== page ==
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Remembering Fr. Tom Rafferty MHM

The following article in St Joseph’s Advocate Ireland appeared in the Spring 2020 Issue on the occasion of Fr Thomas Raffery’s golden jubilee.

Fr. Tom Rafferty is from Milltown, Ashbourne, Co. Meath. He was ordained in 1970 at St. Patrick’s Church, Donaghmore – his home parish church. Fr. Tom has spent 50 years in Pakistan, working in the Diocese of Islamabad/Rawalpindi. He has been ministering in a very difficult and dangerous area; in his own words: “the police, who stand guard over our church in Nowshera since 2001, are the first people I greet every morning.” Fr. Tom has published two books: ‘The Crimson Lily in Our Midst’ and ‘Never Easy’. The following article, based on his writings, gives precious insights in his extraordinary life as a missionary. – Jim O’Connell

The Mission has been A-Changing

50 Years in Pakistan

Fr. Tom arrived in the Diocese of Islamabad/Rawalpindi, Pakistan, in January 1971. His first appointment was to the catholic village Josephabad, where Fr. Toon Vaneman was parish priest. In 1973, the prolonged monsoon rains caused massive flooding in the Punjab. Josephabad was marooned. Fr. Vaneman was struck down with Typhoid and Hepatitis, and went back to Holland for treatment and rest.

Tom was now on his own and with the help of local people and funds from people at home, he started to reconstruct the village, roads and bridges. When this was done, 118 one-roomed houses were built with bricks – not mud as it was with the previous houses. A tractor and plough were purchased so that the people could get the crops in on time. Electricity for the village was next on the agenda, and this was accomplished by the time Tom went on his first home-leave in 1975. On his return, Tom continued his ministry in parishes, building up relatively young churches.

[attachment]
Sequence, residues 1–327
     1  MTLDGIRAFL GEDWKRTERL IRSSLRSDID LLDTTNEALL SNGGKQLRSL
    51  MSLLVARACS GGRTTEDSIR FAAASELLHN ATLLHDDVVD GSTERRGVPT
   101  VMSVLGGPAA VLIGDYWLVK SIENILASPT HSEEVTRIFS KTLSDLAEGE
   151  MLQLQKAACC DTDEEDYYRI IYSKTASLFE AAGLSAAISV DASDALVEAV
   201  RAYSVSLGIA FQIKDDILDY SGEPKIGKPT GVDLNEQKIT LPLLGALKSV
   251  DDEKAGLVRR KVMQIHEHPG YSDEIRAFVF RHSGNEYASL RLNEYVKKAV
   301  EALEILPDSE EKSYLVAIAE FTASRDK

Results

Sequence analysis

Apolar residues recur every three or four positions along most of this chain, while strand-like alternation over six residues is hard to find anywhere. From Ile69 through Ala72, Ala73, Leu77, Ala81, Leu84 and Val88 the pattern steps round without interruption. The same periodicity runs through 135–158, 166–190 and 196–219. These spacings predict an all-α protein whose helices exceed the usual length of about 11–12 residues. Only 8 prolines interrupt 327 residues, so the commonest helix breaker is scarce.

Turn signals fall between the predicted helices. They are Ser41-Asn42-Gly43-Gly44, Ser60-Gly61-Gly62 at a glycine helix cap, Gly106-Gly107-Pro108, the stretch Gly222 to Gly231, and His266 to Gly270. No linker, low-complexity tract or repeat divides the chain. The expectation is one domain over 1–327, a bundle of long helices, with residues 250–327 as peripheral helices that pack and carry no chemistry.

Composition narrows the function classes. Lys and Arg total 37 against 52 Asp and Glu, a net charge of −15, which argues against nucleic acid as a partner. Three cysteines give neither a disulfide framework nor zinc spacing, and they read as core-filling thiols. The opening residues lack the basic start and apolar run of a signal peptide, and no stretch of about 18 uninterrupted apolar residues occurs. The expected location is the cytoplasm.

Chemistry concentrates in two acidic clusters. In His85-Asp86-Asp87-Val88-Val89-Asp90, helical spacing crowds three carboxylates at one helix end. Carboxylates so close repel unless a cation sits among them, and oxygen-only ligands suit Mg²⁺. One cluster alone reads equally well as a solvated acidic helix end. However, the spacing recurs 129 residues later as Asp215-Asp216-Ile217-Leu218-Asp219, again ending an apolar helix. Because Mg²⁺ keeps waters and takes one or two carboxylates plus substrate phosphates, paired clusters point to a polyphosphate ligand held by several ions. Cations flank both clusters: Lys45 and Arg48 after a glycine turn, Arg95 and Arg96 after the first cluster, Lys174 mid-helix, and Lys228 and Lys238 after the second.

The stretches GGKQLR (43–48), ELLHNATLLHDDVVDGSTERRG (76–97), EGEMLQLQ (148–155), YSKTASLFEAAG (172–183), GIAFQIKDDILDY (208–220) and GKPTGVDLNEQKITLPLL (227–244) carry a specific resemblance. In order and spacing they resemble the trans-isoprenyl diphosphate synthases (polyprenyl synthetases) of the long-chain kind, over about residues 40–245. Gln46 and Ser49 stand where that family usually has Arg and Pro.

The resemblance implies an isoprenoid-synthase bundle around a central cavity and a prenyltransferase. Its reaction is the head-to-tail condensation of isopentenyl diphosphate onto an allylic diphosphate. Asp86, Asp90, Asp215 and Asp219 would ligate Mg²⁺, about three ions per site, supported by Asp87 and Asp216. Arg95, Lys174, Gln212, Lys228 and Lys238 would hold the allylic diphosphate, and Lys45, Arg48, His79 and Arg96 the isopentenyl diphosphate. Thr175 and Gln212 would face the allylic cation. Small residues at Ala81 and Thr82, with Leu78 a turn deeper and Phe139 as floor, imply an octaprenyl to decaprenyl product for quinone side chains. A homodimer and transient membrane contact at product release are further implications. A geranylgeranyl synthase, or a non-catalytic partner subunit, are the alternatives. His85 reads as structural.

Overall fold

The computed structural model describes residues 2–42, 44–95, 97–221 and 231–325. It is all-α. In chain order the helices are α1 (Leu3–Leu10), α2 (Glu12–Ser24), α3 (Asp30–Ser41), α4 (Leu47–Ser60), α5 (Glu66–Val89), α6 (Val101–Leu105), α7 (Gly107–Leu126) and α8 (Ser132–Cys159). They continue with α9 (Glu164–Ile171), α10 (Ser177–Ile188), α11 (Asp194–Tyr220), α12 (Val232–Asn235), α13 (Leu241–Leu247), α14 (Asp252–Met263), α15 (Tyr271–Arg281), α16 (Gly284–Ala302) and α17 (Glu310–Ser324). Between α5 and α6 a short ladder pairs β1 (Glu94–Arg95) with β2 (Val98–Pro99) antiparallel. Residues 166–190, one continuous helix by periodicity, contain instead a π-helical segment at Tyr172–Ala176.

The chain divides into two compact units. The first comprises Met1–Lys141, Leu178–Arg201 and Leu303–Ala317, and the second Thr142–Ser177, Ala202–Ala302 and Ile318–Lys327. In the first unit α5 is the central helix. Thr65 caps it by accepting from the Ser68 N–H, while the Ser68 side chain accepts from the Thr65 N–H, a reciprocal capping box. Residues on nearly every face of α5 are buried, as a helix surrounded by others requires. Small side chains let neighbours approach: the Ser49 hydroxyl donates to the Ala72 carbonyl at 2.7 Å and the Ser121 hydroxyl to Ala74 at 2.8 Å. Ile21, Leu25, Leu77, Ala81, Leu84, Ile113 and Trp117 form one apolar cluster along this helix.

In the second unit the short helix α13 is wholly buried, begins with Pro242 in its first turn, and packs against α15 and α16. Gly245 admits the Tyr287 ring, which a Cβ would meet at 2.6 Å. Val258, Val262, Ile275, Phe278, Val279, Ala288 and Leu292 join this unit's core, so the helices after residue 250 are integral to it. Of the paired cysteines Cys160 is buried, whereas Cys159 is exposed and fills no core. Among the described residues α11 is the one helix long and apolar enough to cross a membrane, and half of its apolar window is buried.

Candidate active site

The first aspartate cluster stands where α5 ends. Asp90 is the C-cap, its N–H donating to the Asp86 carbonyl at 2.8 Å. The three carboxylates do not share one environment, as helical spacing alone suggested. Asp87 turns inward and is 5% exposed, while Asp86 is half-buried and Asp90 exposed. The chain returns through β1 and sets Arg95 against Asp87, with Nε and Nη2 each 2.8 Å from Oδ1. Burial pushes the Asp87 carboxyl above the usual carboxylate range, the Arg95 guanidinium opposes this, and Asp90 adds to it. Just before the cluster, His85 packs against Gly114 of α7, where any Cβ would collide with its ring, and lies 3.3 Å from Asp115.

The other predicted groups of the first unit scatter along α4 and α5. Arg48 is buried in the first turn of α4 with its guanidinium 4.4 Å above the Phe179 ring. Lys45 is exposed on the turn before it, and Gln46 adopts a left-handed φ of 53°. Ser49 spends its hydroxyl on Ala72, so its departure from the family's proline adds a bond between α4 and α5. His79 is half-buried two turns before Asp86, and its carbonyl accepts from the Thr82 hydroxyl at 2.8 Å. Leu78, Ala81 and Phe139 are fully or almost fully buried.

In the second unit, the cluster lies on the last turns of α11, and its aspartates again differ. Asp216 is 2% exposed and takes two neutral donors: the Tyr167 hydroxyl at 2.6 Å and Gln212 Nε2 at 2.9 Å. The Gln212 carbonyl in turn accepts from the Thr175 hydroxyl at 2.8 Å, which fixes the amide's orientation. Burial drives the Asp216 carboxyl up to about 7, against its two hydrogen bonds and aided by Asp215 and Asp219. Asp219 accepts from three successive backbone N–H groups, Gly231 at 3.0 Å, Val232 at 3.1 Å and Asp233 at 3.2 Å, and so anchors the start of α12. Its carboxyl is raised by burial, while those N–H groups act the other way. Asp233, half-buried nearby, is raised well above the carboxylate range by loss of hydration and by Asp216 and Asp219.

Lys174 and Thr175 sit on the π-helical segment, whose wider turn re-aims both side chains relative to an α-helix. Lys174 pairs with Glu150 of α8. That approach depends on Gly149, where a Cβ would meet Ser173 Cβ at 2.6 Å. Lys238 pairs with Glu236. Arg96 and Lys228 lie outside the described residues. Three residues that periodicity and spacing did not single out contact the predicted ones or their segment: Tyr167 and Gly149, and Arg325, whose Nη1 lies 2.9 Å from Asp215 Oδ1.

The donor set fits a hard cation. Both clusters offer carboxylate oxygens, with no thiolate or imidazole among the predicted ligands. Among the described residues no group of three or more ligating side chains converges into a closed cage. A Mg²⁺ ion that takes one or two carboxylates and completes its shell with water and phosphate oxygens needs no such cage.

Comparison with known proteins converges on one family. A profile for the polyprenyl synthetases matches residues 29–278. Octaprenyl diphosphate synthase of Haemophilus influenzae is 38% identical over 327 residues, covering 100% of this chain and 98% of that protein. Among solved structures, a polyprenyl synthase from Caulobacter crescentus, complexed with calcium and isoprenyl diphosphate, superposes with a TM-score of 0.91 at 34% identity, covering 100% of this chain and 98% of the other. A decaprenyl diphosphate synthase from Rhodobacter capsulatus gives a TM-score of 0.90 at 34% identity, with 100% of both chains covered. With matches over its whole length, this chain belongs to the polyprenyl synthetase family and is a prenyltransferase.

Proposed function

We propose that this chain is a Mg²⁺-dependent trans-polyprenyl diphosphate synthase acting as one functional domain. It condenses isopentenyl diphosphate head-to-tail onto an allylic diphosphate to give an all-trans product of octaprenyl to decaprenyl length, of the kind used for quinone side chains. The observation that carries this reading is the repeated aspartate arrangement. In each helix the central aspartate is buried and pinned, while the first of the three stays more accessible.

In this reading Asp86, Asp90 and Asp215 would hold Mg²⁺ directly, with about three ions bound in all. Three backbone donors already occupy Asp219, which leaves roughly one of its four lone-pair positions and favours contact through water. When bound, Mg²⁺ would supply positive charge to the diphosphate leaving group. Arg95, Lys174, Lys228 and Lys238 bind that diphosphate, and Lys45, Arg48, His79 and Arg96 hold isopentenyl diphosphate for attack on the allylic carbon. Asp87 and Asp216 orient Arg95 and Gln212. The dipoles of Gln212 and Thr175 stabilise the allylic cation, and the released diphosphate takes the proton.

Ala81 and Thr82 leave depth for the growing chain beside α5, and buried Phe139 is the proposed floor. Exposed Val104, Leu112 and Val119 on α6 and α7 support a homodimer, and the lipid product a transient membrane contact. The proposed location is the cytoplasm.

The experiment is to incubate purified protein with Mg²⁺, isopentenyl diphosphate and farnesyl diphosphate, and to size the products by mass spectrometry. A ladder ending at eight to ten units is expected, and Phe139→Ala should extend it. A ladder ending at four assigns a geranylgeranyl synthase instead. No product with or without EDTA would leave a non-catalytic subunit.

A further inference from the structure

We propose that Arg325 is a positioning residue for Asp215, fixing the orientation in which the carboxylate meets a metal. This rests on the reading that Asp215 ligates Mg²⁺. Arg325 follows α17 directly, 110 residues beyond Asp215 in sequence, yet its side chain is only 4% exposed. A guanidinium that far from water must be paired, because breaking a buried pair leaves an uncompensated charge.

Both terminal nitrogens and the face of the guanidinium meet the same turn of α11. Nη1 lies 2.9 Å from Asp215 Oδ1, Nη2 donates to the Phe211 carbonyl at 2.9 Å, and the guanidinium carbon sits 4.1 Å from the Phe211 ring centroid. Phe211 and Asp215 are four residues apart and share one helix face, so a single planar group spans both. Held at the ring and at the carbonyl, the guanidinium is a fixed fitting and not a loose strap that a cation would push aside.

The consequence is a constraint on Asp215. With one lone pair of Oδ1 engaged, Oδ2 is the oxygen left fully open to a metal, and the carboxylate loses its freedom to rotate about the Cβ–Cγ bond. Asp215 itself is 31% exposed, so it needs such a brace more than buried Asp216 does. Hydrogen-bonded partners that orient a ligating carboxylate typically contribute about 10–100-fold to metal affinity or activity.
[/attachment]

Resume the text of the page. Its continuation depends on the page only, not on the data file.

As a missionary more in the line of St. Paul, Tom was surprised and delighted when in 1987 he was set free from parish work in order to explore the possibilities for mission in the far Northern Areas of Pakistan. He spent weeks on end roaming in the Himalayas searching for, and finding, pockets of Christians. His experience convinced him of the need to promote the missionary spirit of the local church. So on the 3rd of July 1988, the Feast of St. Thomas the Apostle, Patron of Pakistan, Tom together with Sr. Iris Gill founded the Missionary Sisters of St. Thomas the Apostle (MST). Tom was requested to take over Nowshera parish and to have it as the centre for the newly formed community, which was involved in missionary outreach in the far Northern Areas of Pakistan.

After the Nine/Eleven Attacks in New York

In 2001, with the attack on the Twin Towers of the World Trade Centre, ‘nine-eleven’ became a household word. The Mill Hill priests were quick to see the gathering storm clouds, and realised that they might well be living uncomfortably close to the area where retribution on Al-Quida would surely be taken by America, and could also recognize the possible serious implications for the safety of the Christian people and churches. They were determined not to desert the flock in a time of crisis and danger. Therefore, it was decided that they would stay put and remain at their various posts. However, on Sunday the 28th of October of that same year, an attack on the Catholic Church in Bahawalpur left sixteen Christians dead and several more severely injured. Since that date, the police have been stationed in the Nowshera church compound giving round the clock protection.